Visual crowding in pure alexia and acquired prosopagnosia

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Standard

Visual crowding in pure alexia and acquired prosopagnosia. / Sand, Katrine; Robotham, Ro Julia; Martelli, Marialuisa; Starrfelt, Randi.

I: Cognitive Neuropsychology, Bind 35, Nr. 7, 03.10.2018, s. 361-370.

Publikation: Bidrag til tidsskriftTidsskriftartikelForskningfagfællebedømt

Harvard

Sand, K, Robotham, RJ, Martelli, M & Starrfelt, R 2018, 'Visual crowding in pure alexia and acquired prosopagnosia', Cognitive Neuropsychology, bind 35, nr. 7, s. 361-370. https://doi.org/10.1080/02643294.2018.1483325

APA

Sand, K., Robotham, R. J., Martelli, M., & Starrfelt, R. (2018). Visual crowding in pure alexia and acquired prosopagnosia. Cognitive Neuropsychology, 35(7), 361-370. https://doi.org/10.1080/02643294.2018.1483325

Vancouver

Sand K, Robotham RJ, Martelli M, Starrfelt R. Visual crowding in pure alexia and acquired prosopagnosia. Cognitive Neuropsychology. 2018 okt 3;35(7):361-370. https://doi.org/10.1080/02643294.2018.1483325

Author

Sand, Katrine ; Robotham, Ro Julia ; Martelli, Marialuisa ; Starrfelt, Randi. / Visual crowding in pure alexia and acquired prosopagnosia. I: Cognitive Neuropsychology. 2018 ; Bind 35, Nr. 7. s. 361-370.

Bibtex

@article{465c145a6795483fa0913bcdda69d73a,
title = "Visual crowding in pure alexia and acquired prosopagnosia",
abstract = "Visual crowding is a phenomenon that impairs object recognition when the features of an object are positioned too closely together. Crowding limits recognition in normal peripheral vision and it has been suggested to be the core deficit in visual agnosia, leading to a domain-general deficit in object recognition. Using a recently developed tool, we test whether crowding is the underlying deficit in four patients with category specific agnosias: Two with pure alexia and two with acquired prosopagnosia. We expected all patients to show abnormal crowding. We find that the two patients with acquired prosopagnosia show abnormal crowding effects in foveal vision, while the pure alexic patients do not, and that this constitutes a significant dissociation. Thus, abnormal crowding cannot explain all cases of visual agnosia. Much recent work has focused on similarities between pure alexia and acquired prosopagnosia. Here we show a difference in a basic visual mechanism—visual crowding.",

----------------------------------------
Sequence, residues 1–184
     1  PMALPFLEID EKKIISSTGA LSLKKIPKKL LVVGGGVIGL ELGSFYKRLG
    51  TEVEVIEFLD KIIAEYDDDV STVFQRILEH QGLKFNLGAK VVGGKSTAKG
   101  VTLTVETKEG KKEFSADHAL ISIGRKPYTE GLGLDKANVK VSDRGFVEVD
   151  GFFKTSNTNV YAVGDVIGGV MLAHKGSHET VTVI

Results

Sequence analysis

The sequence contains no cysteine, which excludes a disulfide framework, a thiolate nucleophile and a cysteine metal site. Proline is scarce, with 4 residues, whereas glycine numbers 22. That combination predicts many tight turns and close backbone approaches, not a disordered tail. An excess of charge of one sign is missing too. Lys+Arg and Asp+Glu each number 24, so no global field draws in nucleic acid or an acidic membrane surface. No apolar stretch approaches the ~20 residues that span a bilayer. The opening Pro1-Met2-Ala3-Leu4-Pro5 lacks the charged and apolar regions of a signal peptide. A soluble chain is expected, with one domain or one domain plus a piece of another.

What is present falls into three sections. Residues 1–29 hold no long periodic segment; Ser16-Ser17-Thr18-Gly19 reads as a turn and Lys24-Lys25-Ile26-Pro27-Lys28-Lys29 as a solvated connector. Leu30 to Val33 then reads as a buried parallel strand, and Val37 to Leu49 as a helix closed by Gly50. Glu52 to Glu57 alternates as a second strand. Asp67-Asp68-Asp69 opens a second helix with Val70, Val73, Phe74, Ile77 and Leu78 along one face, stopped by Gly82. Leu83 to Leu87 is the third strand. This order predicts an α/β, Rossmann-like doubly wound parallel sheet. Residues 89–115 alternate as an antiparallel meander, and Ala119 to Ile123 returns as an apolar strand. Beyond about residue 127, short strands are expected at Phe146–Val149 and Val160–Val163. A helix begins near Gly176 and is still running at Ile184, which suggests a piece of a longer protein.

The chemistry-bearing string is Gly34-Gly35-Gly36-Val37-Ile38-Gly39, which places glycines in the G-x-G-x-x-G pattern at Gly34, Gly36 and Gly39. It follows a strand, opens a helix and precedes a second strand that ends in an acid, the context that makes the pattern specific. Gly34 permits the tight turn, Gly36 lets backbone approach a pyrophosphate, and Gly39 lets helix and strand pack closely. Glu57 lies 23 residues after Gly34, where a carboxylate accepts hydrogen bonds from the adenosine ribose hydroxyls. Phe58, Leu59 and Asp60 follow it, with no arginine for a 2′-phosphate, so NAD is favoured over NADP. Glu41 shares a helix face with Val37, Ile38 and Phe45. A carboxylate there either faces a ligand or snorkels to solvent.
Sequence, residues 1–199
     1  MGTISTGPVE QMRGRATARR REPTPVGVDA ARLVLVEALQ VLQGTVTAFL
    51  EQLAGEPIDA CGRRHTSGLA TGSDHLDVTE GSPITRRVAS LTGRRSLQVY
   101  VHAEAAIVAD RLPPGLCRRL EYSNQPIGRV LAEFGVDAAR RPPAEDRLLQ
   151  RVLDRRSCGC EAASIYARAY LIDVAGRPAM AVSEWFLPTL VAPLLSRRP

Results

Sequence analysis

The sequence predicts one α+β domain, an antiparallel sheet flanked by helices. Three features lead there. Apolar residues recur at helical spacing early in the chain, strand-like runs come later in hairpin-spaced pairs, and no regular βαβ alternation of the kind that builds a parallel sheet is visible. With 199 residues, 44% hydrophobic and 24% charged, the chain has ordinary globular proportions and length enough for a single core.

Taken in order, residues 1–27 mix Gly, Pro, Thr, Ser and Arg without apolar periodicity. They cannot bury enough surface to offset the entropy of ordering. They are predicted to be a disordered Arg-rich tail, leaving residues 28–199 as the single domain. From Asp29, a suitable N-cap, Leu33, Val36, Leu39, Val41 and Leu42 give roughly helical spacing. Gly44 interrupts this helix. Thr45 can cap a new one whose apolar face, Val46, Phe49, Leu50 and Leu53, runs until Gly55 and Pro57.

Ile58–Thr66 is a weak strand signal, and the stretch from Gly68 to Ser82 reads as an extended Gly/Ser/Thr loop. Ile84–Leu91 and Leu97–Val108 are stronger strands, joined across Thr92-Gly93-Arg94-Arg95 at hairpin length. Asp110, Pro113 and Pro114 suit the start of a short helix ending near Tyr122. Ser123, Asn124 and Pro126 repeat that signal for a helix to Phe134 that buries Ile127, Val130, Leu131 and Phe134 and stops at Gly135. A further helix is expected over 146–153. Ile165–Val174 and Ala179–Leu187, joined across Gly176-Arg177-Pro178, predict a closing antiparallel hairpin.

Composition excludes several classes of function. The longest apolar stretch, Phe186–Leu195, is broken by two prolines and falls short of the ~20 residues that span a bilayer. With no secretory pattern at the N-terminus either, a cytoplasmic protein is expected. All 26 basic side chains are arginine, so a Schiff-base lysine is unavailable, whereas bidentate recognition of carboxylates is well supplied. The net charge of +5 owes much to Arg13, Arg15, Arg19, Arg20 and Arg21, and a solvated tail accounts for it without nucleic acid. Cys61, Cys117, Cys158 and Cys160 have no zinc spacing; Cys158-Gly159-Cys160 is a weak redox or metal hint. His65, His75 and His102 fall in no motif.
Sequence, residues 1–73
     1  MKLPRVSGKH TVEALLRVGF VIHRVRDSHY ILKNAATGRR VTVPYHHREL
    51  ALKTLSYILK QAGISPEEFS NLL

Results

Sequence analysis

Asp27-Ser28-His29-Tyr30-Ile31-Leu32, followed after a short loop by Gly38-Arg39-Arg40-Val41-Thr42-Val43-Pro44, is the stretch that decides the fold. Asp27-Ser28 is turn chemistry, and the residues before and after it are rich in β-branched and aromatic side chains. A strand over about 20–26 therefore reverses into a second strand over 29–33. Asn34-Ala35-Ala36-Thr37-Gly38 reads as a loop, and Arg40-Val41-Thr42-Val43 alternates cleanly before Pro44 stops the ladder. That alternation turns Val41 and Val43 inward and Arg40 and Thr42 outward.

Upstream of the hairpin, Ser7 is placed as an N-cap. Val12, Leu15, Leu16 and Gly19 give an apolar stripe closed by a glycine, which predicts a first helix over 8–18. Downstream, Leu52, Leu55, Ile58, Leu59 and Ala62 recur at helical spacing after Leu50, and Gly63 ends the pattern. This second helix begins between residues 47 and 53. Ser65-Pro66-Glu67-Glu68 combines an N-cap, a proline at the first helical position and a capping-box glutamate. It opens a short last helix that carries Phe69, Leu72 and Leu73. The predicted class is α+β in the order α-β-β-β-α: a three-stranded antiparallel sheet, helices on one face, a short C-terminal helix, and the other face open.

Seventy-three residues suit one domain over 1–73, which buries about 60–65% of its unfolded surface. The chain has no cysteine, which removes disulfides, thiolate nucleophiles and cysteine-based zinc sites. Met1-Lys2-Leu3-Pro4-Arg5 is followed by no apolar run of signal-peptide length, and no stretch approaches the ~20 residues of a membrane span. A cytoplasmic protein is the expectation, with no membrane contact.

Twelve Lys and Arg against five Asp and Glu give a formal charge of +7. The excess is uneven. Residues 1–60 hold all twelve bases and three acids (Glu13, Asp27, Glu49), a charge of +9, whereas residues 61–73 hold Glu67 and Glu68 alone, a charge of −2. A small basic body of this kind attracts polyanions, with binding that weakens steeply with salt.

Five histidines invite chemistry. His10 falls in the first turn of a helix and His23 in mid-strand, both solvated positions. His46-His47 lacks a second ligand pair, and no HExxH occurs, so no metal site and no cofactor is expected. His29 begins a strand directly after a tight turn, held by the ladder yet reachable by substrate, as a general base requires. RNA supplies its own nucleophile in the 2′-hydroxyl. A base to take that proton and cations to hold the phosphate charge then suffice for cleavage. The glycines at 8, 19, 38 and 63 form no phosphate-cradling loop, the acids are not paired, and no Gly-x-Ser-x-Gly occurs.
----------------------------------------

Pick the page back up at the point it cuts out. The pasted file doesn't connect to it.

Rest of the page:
keywords = "acquired prosopagnosia, Crowding, pure alexia, visual agnosia",
author = "Katrine Sand and Robotham, {Ro Julia} and Marialuisa Martelli and Randi Starrfelt",
year = "2018",
month = oct,
day = "3",
doi = "10.1080/02643294.2018.1483325",
language = "English",
volume = "35",
pages = "361--370",
journal = "Cognitive Neuropsychology",
issn = "0264-3294",
publisher = "Routledge",
number = "7",

}

RIS

TY - JOUR

T1 - Visual crowding in pure alexia and acquired prosopagnosia

AU - Sand, Katrine

AU - Robotham, Ro Julia

AU - Martelli, Marialuisa

AU - Starrfelt, Randi

PY - 2018/10/3

Y1 - 2018/10/3

N2 - Visual crowding is a phenomenon that impairs object recognition when the features of an object are positioned too closely together. Crowding limits recognition in normal peripheral vision and it has been suggested to be the core deficit in visual agnosia, leading to a domain-general deficit in object recognition. Using a recently developed tool, we test whether crowding is the underlying deficit in four patients with category specific agnosias: Two with pure alexia and two with acquired prosopagnosia. We expected all patients to show abnormal crowding. We find that the two patients with acquired prosopagnosia show abnormal crowding effects in foveal vision, while the pure alexic patients do not, and that this constitutes a significant dissociation. Thus, abnormal crowding cannot explain all cases of visual agnosia. Much recent work has focused on similarities between pure alexia and acquired prosopagnosia. Here we show a difference in a basic visual mechanism—visual crowding.

AB - Visual crowding is a phenomenon that impairs object recognition when the features of an object are positioned too closely together. Crowding limits recognition in normal peripheral vision and it has been suggested to be the core deficit in visual agnosia, leading to a domain-general deficit in object recognition. Using a recently developed tool, we test whether crowding is the underlying deficit in four patients with category specific agnosias: Two with pure alexia and two with acquired prosopagnosia. We expected all patients to show abnormal crowding. We find that the two patients with acquired prosopagnosia show abnormal crowding effects in foveal vision, while the pure alexic patients do not, and that this constitutes a significant dissociation. Thus, abnormal crowding cannot explain all cases of visual agnosia. Much recent work has focused on similarities between pure alexia and acquired prosopagnosia. Here we show a difference in a basic visual mechanism—visual crowding.

KW - acquired prosopagnosia

KW - Crowding

KW - pure alexia

KW - visual agnosia

U2 - 10.1080/02643294.2018.1483325

DO - 10.1080/02643294.2018.1483325

M3 - Journal article

C2 - 29902952

AN - SCOPUS:85053899957

VL - 35

SP - 361

EP - 370

JO - Cognitive Neuropsychology

JF - Cognitive Neuropsychology

SN - 0264-3294

IS - 7

ER -

ID: 203915696